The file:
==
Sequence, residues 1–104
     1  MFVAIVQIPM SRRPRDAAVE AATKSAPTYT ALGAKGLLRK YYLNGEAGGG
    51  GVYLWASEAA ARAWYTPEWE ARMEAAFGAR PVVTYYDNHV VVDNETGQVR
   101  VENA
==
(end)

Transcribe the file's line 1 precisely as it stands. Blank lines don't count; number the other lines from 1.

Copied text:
Sequence, residues 1–104